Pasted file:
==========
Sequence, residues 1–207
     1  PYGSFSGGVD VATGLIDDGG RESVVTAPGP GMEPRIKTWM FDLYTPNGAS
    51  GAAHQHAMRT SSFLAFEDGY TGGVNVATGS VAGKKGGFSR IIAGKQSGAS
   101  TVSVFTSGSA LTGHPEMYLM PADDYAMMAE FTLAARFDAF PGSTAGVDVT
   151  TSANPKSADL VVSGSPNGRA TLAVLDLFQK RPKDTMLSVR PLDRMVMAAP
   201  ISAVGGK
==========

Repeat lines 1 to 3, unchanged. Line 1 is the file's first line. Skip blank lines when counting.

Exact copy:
Sequence, residues 1–207
     1  PYGSFSGGVD VATGLIDDGG RESVVTAPGP GMEPRIKTWM FDLYTPNGAS
    51  GAAHQHAMRT SSFLAFEDGY TGGVNVATGS VAGKKGGFSR IIAGKQSGAS